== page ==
US News & World Report (op-ed): Americans should have a right to a fair workweek

By Carrie Gleason and Sejal Parikh

With the Fight for $15 winning higher wages for millions around the country, working people are now calling for reliable hours they and their families can count on. On that front, there was recently quite the one-two punch.

In Seattle, the city council passed a law that gives working people at large retailers, food chains and coffee shops a greater voice in their workweek and a chance to get more predictable hours. The move comes just a year after Seattle's vote for a $15 minimum wage helped launch a wave of wage hikes across the country. And in the nation's largest city, New York Mayor Bill de Blasio announced his support for a fair workweek for the city's fast food workers, with the city council pledging to act this year.

While the myth of a 9-to-5 job persists, it's just not the reality for the majority of people working in America. Today, most American workers are paid by the hour and the jobs more likely to be growing are in a fast food restaurant or a clothing store. These jobs are likely to feature shifting, unpredictable hours, often posted with just a few days' notice. A full 41 percent of early-career hourly workers receive their schedules with less than a week's notice and nearly half have no input. And more than 6 million people are working part-time but desperately seeking full-time work.

As a result, millions across America start each week unsure of when they'll be called in to work, or even for how many hours. Those with children or elderly parents will likely need to scramble to find a babysitter or caretaker. Those pursuing a degree may miss classes that week. This turbulence hurts working people and their families, causing more stress and family conflict. And it disproportionately falls on women and people of color, who make up the lion's share of the service industry workforce and primary caretakers at home.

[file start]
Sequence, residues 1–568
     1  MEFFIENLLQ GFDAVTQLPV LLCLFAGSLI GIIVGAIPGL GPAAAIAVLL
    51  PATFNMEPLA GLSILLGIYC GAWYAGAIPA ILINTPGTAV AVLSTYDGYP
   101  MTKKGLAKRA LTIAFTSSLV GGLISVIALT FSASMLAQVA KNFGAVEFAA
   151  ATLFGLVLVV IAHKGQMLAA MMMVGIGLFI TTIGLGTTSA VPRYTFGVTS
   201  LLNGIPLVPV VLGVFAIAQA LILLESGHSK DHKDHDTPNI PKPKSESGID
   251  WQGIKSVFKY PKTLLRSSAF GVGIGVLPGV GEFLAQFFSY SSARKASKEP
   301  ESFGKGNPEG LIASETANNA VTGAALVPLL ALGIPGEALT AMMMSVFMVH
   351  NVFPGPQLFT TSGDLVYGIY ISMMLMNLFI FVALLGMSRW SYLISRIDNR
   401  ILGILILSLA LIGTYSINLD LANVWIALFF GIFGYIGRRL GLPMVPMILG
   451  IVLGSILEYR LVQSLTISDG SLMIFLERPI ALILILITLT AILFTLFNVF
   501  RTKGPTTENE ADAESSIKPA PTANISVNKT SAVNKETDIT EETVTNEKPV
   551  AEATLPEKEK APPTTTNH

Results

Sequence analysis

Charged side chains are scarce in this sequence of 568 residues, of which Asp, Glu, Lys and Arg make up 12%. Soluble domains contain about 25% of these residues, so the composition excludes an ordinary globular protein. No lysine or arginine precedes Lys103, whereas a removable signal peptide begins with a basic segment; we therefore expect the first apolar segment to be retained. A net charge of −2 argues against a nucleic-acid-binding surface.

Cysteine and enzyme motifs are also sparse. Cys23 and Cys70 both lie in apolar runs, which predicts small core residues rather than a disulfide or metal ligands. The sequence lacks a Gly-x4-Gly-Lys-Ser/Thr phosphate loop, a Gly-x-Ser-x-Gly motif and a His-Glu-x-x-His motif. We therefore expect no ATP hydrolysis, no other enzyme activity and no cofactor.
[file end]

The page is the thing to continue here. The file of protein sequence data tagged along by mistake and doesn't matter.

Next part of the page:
It's no way to live, it's holding us back, and it's a major reason Americans are growing more frustrated.

After years of inaction, policymakers are starting to respond to their concerns. In Seattle, working people in retail, fast food and coffee shops came together to win a policy that ensures more reliable schedules. The policy provides two weeks of advance notice for work schedules, fair compensation for shifts changed at the last minute, the ability to have more say in one's schedule and the opportunity to access more hours. It also ensures those who work a closing shift and then the morning opening shift – infamously termed "clopenings" – have enough rest and are paid reasonably for going above and beyond.

Seattle and New York are just the tip of the iceberg. Legislation to establish a balanced, flexible workweek is on the docket in a slew of cities across the country. The District of Columbia this summer passed a historic law guaranteeing building janitors a minimum of 30 hours a week – a crucial boost in financial security for those families. In November, voters in San Jose will decide on a similar ballot measure that gives part-time workers the opportunity to work more hours. And Emeryville, California, which last year passed the nation's highest minimum wage, is now considering a fair workweek bill. The momentum took off in 2015 when San Francisco became the first city to enact fair workweek legislation with the Retail Worker Bill of Rights.

With such commonsense labor standards, we can begin to restore balance and flexibility to our lives.

Some businesses claim such laws are too costly. Some even say they already provide employee-friendly schedules. In fact, these policies are good for business, reducingturnover and letting employers save on training and retention. It makes for more productive employees. And clear guidelines ensure a level playing field for all businesses, ensuring everybody adheres to the same standards.

Today, many Americans are thinking about how to achieve a better work-life balance. But millions cannot make that choice – and in places like Seattle and New York City, they are asking for basic protections to give them the chance. It means more time with family, more time to pursue an education, more time to build a career. More time, in short, to build the American dream.

We need other states and cities to embrace the movement and provide hours that work better for hardworking people. Millions of Americans have spoken, and their message is clear: a fair workweek should be considered a right – not a privilege.